This week my mother gave my three-year-old son a children's edition of Puff the Magic Dragon, along with little finger puppets featuring Jackie Paper and Puff. She recently told me he was very unhappy about the fact that he was missing the copy of Puff The Magic Dragon I had originally bought him some months ago. Except it was the old-school edition, adapted from Romeo Muller's film version I'd always loved as a kid. He'd ripped many of the pages out of the book a while ago on some little boy's destructive bender, and I'd taken it out of his room in an attempt to salvage what was left. This is why I highly doubted that he was actually missing this specific book, which we'd barely read because of its length. But she insisted. I think they have a secret language because my son is delayed in language so his expressive vocab is fairly limited at the moment. So like I said, I was skeptical he had actually detailed this to her in anything but a few words and gestures.
But anyway, he was happy when she brought it over. He's been carrying around the book and the finger puppets for the last two days. But it was today when my heart got squishy over Puff, Jackie Paper and my son. My mom, as grandmothers do, loves to bring presents. Today, she came bearing a stuffed Puff music box that winds up and plays Puff the Magic Dragon, a poem written by Peter Yarrow and Leonard Lipton and first put to music in 1963 by Peter, Paul and Mary.
I made some comment about how his birthday must have come early, and she responded that Puff helped Jackie Paper talk (in the cartoon movie and Muller rendition). It was then that I realized why Puff was so special for a little boy still grasping with language. He's been carrying around the stuffed toy all day and clutched it hard to his chest as we mounted the stairs to bed.
At bed time we always read books, and tonight it was Puff the Magic Dragon. As I sang this beautifully illustrated book rendition of the song to him, we used the finger puppets to make the book come alive, making Puff frolic through the air and Jackie Paper give him "sealing wax and other fancy stuff."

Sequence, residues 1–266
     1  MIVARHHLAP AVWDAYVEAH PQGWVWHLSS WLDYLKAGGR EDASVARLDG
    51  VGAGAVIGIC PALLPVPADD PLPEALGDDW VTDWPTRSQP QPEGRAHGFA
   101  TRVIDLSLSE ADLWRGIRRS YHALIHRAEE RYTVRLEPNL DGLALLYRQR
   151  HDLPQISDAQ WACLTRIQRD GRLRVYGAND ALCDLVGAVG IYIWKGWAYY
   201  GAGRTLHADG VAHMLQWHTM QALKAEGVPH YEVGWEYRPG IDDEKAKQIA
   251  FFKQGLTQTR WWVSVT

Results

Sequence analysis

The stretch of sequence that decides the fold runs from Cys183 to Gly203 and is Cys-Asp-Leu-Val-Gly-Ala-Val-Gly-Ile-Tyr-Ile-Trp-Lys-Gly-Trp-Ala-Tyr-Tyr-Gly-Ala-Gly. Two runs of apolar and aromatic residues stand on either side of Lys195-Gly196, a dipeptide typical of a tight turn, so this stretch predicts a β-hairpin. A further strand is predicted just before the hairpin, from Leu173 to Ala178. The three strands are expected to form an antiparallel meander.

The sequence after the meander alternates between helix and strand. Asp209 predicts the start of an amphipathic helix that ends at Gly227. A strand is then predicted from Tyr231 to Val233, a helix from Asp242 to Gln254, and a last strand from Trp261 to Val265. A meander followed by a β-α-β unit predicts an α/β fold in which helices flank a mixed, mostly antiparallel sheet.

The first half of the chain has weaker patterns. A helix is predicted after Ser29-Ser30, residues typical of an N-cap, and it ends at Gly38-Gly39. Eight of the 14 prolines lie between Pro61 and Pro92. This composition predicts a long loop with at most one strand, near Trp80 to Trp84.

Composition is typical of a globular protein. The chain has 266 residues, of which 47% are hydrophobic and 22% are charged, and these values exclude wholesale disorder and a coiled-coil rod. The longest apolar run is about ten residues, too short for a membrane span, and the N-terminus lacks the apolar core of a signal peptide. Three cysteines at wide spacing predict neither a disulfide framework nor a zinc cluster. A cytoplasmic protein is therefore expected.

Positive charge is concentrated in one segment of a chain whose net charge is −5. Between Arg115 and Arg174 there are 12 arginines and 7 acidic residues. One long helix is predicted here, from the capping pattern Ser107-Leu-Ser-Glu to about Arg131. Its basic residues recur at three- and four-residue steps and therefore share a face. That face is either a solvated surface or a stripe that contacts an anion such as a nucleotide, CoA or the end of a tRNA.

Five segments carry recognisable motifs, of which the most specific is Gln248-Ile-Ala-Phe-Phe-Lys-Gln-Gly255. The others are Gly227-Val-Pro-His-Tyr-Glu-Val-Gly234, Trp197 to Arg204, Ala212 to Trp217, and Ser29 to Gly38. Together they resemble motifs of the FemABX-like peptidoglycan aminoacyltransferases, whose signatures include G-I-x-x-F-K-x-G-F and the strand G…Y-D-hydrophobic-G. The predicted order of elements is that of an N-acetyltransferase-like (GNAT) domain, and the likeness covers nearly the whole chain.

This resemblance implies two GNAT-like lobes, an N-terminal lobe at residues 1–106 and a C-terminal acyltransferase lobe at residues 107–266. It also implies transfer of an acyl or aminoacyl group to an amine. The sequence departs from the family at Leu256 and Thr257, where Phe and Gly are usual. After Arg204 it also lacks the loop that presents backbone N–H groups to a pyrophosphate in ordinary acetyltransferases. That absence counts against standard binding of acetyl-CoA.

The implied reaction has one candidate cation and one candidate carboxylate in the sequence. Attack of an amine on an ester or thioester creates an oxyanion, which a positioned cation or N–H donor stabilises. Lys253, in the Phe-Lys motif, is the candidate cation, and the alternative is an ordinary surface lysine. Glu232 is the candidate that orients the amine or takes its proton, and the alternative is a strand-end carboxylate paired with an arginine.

But it was when Puff goes into his cave because Jackie Paper doesn't come back that I felt like I was about to turn a magical bedtime moment into sniffles.
A dragon lives forever but not so little boys
Painted wings and giant rings make way for other toys.
One grey night it happened, Jackie paper came no more
And puff that mighty dragon, he ceased his fearless roar.
His head was bent in sorrow, green scales fell like rain,
Puff no longer went to play along the cherry lane.
Without his life-long friend, puff could not be brave,
So puff that mighty dragon sadly slipped into his cave.
While my son was winding up his music box Puff and making finger puppet Puff frolic, I was about to melt into a puddle and start sobbing. Because little boys grow up and it was never so apparent to me more than in that moment with my little boy snuggling his Puff. And someday he'll talk in full sentences and the memory of the time when his vocab was a bit miniscule will be but a distant thought. But unlike Jackie Paper, I hope he never stops believing in the power of flying dragons, just like I will never forget the very essence of childhood magic wrapped up in a stuffed toy given as a symbol of love, a song and my little boy.
K.M. Randall writes fantasy and paranormal for both a general and young adult audience. Her debut novel, an epic fantasy called Fractured Dream, launched in June 2014, and her second book, The Reaper's Daughter, launched May 2015. Randall also published Fairytale Lost, a prequel to Fractured Dream, as an exclusive on Wattpad. She blogs about dreams, female heroines, and activism and its relevancy to the literary and fictional world. And when in the season, sometimes she just likes to talk about Halloween. She is currently hard at work on the second book in the Dreamer Saga series, Shattered World.